What holds true for tigers, holds doubly true for trees: you cannot
really understand a species until you have observed it in the wild.
A walk in the woods provides an opportunity to gain insight into how our native forest trees – some familiar, and some less so – change in appearance over the spans of their lives, adapt to varied conditions, and anchor our ecosystems.
INTERMEDIATE DIFFICULTY: Birches, Poplars, and Other Sneaky Characters
By virtue of the fact that they can be confused for very few other types of trees, birches ought to be easy to identify, but the sheer variety of species that one could potentially encounter in our region and the shades of difference between them can produce confusion until you really know them.
They’re kind of like the Neville Brothers: there always seems to be one you’re just hearing about, and you can’t really put a name to any but the most well-known two or three. However, you will easily keep them sorted once you can recognize a few indicative traits of each species.
Gray birch (Betula populifolia) may be the easiest of the group to discern because it tends to be found growing in colonies as a successional species that is rapidly out-competed once climax species such as maple and beech fill in the upper canopy. The thin-barked, chalky-gray trunk, marked at branch bases with large, dark chevrons resembling moustaches confirms the identification suggested by the species’ location and (often) multi-stemmed growth habit. Contrary to all reasonable expectations, young gray birches are often whiter in color than white birch, which can have a more polychrome appearance due to irregular exfoliation, but unlike white birch rarely exfoliate.
White birch (Betula papyrifera) often occurs as a multi-stemmed tree, but can easily be distinguished from gray and river birches by its exfoliating bark, shedding in large strips over young and middle aged tissue and marked with long, but subtle horizontal striping that becomes more pronounced with age. Also known as canoe birch, this species tends to have a multicolored appearance when it is young and actively shedding bark, but matures to a more uniform white or gray hue once exfoliation ceases. Bark color is most intense in full sun or uncongested forest conditions, with more mottled, grayer bark occurring on trees in full shade. Single-stemmed specimens can attain great age and girth.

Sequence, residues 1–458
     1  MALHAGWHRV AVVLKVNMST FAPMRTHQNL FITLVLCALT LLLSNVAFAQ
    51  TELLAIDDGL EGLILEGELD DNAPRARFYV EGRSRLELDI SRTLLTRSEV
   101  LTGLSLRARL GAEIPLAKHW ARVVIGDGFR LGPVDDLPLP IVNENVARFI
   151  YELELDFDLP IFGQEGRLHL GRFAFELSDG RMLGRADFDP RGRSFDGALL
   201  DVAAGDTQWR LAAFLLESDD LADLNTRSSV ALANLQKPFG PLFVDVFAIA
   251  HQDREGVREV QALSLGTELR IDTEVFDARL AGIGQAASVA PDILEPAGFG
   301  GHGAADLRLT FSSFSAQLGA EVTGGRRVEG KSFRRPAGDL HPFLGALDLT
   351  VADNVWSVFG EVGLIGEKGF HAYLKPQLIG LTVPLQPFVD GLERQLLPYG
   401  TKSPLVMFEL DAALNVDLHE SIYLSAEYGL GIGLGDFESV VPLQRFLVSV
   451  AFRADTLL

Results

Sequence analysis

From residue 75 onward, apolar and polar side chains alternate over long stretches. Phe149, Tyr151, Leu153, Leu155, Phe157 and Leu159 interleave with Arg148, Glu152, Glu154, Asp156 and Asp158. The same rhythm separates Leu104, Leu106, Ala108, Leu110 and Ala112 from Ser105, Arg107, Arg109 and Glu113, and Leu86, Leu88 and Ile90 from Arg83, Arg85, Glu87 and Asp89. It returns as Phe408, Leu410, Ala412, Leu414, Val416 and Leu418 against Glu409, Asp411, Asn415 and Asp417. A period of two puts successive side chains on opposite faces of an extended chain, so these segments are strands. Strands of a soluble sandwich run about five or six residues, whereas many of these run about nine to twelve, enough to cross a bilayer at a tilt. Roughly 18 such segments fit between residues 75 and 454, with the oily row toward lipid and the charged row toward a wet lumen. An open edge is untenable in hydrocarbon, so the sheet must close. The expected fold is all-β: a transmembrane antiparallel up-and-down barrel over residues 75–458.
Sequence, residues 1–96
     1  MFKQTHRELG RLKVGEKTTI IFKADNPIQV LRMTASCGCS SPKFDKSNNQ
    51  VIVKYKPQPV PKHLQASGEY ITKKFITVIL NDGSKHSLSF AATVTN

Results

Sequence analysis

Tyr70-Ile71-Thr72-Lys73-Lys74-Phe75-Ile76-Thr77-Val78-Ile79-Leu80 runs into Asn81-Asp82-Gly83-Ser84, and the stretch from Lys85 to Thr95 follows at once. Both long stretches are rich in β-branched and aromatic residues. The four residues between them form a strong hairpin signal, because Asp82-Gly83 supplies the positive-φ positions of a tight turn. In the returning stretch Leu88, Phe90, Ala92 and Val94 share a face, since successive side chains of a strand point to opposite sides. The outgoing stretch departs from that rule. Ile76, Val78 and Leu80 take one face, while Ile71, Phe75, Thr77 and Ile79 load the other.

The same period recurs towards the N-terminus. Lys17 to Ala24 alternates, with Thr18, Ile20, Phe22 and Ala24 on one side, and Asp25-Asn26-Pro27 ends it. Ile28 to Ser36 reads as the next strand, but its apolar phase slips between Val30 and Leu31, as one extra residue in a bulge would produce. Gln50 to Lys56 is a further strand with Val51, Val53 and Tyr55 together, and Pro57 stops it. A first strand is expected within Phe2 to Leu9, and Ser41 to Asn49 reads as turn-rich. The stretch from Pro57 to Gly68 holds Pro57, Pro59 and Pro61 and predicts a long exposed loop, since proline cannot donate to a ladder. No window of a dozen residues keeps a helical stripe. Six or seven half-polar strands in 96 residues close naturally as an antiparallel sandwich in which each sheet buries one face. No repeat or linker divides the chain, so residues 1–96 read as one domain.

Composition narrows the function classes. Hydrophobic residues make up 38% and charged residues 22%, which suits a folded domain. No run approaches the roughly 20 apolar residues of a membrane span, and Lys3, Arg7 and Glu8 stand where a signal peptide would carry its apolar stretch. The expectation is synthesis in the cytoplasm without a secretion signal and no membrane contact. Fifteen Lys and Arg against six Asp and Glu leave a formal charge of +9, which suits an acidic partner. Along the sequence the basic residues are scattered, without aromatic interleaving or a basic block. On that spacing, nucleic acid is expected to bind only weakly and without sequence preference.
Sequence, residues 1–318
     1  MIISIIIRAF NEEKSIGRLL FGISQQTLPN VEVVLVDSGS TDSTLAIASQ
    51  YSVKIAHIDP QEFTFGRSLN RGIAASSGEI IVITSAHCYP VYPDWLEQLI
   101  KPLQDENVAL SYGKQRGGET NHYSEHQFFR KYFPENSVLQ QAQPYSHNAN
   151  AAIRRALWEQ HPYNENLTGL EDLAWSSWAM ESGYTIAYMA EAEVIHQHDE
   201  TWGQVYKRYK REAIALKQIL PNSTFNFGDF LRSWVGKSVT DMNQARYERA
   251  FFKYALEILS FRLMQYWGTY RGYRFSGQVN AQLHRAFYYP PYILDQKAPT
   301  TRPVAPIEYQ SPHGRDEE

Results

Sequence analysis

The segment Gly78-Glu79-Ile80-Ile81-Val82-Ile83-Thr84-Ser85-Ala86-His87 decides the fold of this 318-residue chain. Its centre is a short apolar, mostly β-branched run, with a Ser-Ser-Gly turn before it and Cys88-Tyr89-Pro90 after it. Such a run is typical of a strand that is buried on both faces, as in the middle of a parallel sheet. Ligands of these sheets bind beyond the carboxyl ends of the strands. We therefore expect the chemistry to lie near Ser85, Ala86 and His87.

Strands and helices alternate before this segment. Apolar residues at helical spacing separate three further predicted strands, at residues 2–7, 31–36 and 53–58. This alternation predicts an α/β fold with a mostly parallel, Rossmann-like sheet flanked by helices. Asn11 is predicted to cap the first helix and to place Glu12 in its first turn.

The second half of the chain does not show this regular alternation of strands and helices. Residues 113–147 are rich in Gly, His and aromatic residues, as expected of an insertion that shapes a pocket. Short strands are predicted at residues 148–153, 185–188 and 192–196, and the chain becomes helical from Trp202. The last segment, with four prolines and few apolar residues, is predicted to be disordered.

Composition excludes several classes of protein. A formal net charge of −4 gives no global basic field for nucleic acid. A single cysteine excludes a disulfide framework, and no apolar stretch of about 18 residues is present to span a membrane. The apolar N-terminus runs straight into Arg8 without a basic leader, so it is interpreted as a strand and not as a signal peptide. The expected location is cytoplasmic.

Yellow, or silver birch (Betula alleghaniensis) is generally a tree of dimensions similar to white birch, but can occasionally grow to much greater bulk under favorable conditions. It features shiny bark that ranges in color from yellowish to silver-gray, exfoliating in small curls, and is a frequent companion to eastern hemlock. In its silver-gray form that takes hold in shade, its bark loses some luster, but still can be distinguished from the similar river birch by the relative smoothness of its bark, as well as an appearance that is neater overall compared river birch’s “fuzziness”.
Among the birches, river birch (Betula nigra) exhibits perhaps the greatest transformation in the appearance of its bark, which varies in color from reddish-brown to light gray when young, exfoliates messily in middle-age, and forms thick, nearly black plates when mature. It is a common denizen of uplands and lowlands alike, occurring in greatest number along and near river banks and other places with ample soil hydrology. The largest of the native birches, river birch is primarily a southern species whose northern limit of distribution is in our region.
Black, or sweet birch (Betula lenta) is the only species we encounter that has bark that is both shiny and dark in color, usually brown to black. Young bark is smooth in texture, but not papery, and very rarely exfoliating. Sweet birch is usually marked at an early age with large lenticels, a trait that usually only manifests in other birch species later in life. Stranger yet, these markings fracture as the tree grows, and the bark matures into scaly plates at a far earlier stage of growth than river birch, which is by comparison a massive tree. In nearly all stages of development, the bark of sweet birch is much more akin to that of black cherry (hence the alternate appellation cherry birch), and is thus easily overlooked wherever cherries are prevalent.
However, unlike black cherry, the mature bark of sweet birch retains some subtle horizontal markings that can be seen upon close inspection; and, while even the slender, hairless, reddish-brown twigs are similar in appearance to cherry, they do reveal the ultimate truth when crushed, releasing a potent blast of wintergreen. Though unremarkable in appearance, sweet birch was an historically important species since it was the source of oil-of-wintergreen, which is now produced through a more efficient industrial process that no longer involves the birch. Like sugar maple, sweet birch can be tapped in early spring and its sap fermented to produce birch beer.
By Terrence Trapp, Director of Horticulture
December 29, 2011